Photograph by John Blair

With the debt he owes to Eli Lilly & Co., a president Mitch Daniels would surely hinder efforts to discover whether the toxic metal mercury in vaccines causes autism in some children.

Indiana Gov. Mitch Daniels is seeking a national stage. And those who believe that the flow of mercury into American children's developing bodies should be stemmed and not supercharged should be on guard. "Indiana's very slight, very balding, very unimposing governor" -- Newsweek's words, not mine -- is no typical Hoosier mental mite like Dan Quayle, Evan Bayh or Mike Pence.

From 1987 to 1990, Daniels led the right-wing think tank Hudson Institute, which did then and still does receive generous funding from the pharmaceutical giant Eli Lilly & Co., inventor of and primary profiteer from the mercury-based preservative thimerosal, a component of childhood vaccines suspected of contributing to the worldwide epidemic of autism. He left Hudson for an executive position at Lilly, where he rose to the position of senior vice president for corporate strategy before leaving in 2001 to head George W. Bush's Office of Management and Budget.


'Autism and the Indiana Environment Blog'

Newsweek, which also describes Daniels as "5 feet 7 (in boots)" with a "comb-over (that) is borderline delusional" -- is not alone in seeing through Daniels increasingly tiresome, "Aw pshaw," response to suggestions that his eyes are set on the White House.
"I can't help but think that a common-sense conservative like Daniels would be the perfect match for Obama." - Reihan Salam, conservative writer
In a Sept. 10 profile on Daniels called "Responsible Rider," the weekly newsmagazine cites enthusiastic reactions to Daniels from conservatives like writer and journalist Reihan Salam. "Though it is far too early to know what the world will look like in 2012," Salam has opined. "I can't help but think that a common-sense conservative like Daniels would be the perfect match for Obama."

In February, Newsweek adds, "New York Times columnist Ross Douthat dubbed Daniels 'America's best governor.'" A search for "Mitch Daniels" on the National Review Online returns 12 hits in less than nine months this year and too many to tally if the search is expanded to all dates.

On Sept. 10, Indianapolis Star political columnist Matthew Tully wrote a column called "All signs point to a Daniels bid for president." It's time to dispense with the will-he or won't-he speculation surrounding Daniels, whose concerns each day seem to stretch farther and farther beyond the Hoosier State boundaries, he wrote.

"Let's stop allowing coy nondenial denials to distract us from seeing the obvious," Tulley said. "Daniels is running for president."

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Alongside magazines and newspapers, cable news stations and the Internet have likewise been abuzz just the past week with stories about Daniels's rising-star status.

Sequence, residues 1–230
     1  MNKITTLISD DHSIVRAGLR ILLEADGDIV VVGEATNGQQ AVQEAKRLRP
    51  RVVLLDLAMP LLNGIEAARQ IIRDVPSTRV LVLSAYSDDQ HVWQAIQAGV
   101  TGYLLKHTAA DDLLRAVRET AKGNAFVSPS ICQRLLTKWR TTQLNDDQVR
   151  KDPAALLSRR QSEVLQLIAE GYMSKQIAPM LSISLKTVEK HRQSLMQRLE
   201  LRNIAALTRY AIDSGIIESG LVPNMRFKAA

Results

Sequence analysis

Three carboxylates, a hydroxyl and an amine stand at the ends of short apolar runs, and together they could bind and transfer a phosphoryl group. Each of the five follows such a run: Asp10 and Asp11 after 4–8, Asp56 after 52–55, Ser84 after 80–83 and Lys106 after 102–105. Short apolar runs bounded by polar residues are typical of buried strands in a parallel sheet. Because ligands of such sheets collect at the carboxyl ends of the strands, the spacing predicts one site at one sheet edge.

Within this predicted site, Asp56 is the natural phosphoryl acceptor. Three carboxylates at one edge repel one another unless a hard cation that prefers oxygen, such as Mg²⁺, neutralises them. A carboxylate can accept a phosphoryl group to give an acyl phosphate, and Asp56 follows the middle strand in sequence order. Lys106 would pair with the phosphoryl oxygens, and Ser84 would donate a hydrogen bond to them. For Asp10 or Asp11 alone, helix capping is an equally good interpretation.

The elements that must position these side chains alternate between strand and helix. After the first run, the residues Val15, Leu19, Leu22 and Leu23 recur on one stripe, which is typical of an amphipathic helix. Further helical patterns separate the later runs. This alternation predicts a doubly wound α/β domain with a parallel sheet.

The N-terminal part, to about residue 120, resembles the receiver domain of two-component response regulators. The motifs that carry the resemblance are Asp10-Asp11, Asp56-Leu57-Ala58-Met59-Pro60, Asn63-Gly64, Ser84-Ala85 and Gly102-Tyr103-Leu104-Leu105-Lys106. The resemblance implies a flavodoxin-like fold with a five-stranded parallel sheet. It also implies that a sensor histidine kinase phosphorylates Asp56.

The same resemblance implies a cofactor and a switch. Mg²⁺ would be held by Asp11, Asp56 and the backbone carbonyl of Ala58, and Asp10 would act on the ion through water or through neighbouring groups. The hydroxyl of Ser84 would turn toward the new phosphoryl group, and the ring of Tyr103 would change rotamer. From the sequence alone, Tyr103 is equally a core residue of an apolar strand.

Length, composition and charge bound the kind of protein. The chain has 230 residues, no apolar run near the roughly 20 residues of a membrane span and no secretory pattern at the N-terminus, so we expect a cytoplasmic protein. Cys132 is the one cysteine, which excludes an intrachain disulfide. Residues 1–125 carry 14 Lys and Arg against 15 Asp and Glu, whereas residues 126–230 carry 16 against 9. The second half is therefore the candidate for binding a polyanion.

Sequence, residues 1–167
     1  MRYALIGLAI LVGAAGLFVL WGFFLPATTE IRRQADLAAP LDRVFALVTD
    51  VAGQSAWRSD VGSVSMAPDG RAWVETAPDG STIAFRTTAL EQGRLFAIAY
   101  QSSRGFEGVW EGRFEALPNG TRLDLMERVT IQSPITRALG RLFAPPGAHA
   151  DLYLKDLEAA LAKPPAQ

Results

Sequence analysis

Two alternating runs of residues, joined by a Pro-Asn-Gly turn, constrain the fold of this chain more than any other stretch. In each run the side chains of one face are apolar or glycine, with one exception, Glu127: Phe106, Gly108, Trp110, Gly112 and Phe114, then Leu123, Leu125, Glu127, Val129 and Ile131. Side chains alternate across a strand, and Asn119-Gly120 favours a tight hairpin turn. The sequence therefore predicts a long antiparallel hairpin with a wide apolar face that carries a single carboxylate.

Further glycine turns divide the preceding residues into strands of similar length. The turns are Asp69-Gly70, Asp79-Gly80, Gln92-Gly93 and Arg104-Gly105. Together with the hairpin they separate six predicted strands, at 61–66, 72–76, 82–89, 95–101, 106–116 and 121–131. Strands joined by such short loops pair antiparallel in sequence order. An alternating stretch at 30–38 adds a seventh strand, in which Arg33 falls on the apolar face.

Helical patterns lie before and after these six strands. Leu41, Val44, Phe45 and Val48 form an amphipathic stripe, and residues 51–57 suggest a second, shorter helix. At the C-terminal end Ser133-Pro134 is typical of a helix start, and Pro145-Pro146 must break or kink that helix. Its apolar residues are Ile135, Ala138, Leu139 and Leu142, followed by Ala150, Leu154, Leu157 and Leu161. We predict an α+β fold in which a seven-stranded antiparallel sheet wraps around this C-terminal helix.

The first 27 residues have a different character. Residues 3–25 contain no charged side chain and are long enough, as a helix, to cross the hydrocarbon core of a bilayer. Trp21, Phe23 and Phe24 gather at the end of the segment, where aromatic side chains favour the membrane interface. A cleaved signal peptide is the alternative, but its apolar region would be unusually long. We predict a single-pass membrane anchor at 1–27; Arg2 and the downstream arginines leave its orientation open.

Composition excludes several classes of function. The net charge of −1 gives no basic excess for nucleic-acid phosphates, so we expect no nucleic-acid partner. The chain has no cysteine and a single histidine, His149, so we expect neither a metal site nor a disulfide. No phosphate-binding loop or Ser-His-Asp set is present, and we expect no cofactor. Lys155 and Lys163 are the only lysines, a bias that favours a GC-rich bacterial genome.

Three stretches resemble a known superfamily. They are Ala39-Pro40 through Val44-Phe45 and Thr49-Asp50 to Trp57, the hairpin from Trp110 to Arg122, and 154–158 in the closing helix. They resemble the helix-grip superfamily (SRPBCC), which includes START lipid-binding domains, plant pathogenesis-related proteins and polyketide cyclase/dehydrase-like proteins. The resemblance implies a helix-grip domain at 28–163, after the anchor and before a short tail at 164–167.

"A detail in the Newsweek profile led Politico blogger Andy Barr to publish an item titled 'Mitch Daniels fished quarters out of a toilet.'"
Politico blogger Ben Smith linked to an Aug. 27 C-SPAN interview with Republican Indiana Senator Richard Lugar, who said he had encouraged Daniels to run. Daniels ran Lugar's successful first bid for Senate in 1976.

"I think that he would be an outstanding candidate and a great president," Lugar said.

MSNBC featured a photo of Daniels standing shoulder-to-shoulder with Republican Mississippi Governor Haley Barbour at a Sept. 2 Republican Party fundraiser in Jackson, Miss. Daniels was the featured speaker and addressed the party's future.

Ezra Klein, a Washington Post blogger and frequent commentator on Countdown with Keith Olberman, penned a Sept. 8 piece in which he declared his admiration for an op ed Daniels wrote in the Wall Street Journal that same day called "Time for Emergency Economic Reform."

"It's a real plan, with concrete policy ideas that might actually make a difference," Klein wrote.

No fewer than three other bloggers and opinion writers at the Post chimed in on Daniels's ideas that same day. Since then bloggers at Mother Jones, U.S. News & World Report and The New Republic, to name just a few, have taken on the subject.
"According to FollowtheMoney.org, Daniels was the top recipient of Lilly campaign contributions in his 2004 and 2008 gubernatorial bids."
A detail in the Newsweek profile led Politico blogger Andy Barr to publish an item titled "Mitch Daniels fished quarters out of a toilet."

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That Daniels is indebted to Lilly is well-documented, as is whose interests would be served if in fact he makes it as far as the White House. Thus far, everywhere he has gone, Lilly, its money and influence have preceded him, from the Hudson Institute to the Bush White House to the governor's office in the Indiana Statehouse.

When the Bush administration slipped an indemnification for Lilly and other pharmaceutical companies from liability for mercury-caused damage in vaccines in the 2002 Homeland Security Bill, Daniels was Bush budget director, and Lilly CEO Sidney Taurel served on the Homeland Security Council. George W.'s father had served on the Lilly board before becoming president.

According to FollowtheMoney.org, Daniels was the top recipient of Lilly campaign contributions in his 2004 and 2008 gubernatorial bids, when he received $19,250 and $47,500 respectively.

Practically every news outlet in Indiana carried an Aug. 29 Associated Press report with the lead: "Gov. Mitch Daniels has added a portrait of Eli Lilly to a wall of paintings in his office."

Steven Higgs can be reached at editor@BloomingtonAlternative.com.


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